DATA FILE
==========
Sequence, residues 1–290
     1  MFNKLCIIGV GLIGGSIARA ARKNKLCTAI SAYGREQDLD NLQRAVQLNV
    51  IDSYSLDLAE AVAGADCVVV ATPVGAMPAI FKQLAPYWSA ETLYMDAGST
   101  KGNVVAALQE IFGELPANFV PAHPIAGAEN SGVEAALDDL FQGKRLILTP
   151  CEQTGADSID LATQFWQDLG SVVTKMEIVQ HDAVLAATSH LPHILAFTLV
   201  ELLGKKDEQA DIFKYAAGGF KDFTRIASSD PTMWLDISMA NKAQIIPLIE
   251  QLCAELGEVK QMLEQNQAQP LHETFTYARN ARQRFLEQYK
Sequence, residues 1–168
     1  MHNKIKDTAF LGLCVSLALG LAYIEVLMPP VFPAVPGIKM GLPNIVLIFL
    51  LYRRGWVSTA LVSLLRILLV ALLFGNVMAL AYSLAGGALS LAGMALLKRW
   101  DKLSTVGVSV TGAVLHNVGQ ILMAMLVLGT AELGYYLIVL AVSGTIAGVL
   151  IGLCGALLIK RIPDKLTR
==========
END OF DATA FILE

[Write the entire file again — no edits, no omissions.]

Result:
Sequence, residues 1–290
     1  MFNKLCIIGV GLIGGSIARA ARKNKLCTAI SAYGREQDLD NLQRAVQLNV
    51  IDSYSLDLAE AVAGADCVVV ATPVGAMPAI FKQLAPYWSA ETLYMDAGST
   101  KGNVVAALQE IFGELPANFV PAHPIAGAEN SGVEAALDDL FQGKRLILTP
   151  CEQTGADSID LATQFWQDLG SVVTKMEIVQ HDAVLAATSH LPHILAFTLV
   201  ELLGKKDEQA DIFKYAAGGF KDFTRIASSD PTMWLDISMA NKAQIIPLIE
   251  QLCAELGEVK QMLEQNQAQP LHETFTYARN ARQRFLEQYK
Sequence, residues 1–168
     1  MHNKIKDTAF LGLCVSLALG LAYIEVLMPP VFPAVPGIKM GLPNIVLIFL
    51  LYRRGWVSTA LVSLLRILLV ALLFGNVMAL AYSLAGGALS LAGMALLKRW
   101  DKLSTVGVSV TGAVLHNVGQ ILMAMLVLGT AELGYYLIVL AVSGTIAGVL
   151  IGLCGALLIK RIPDKLTR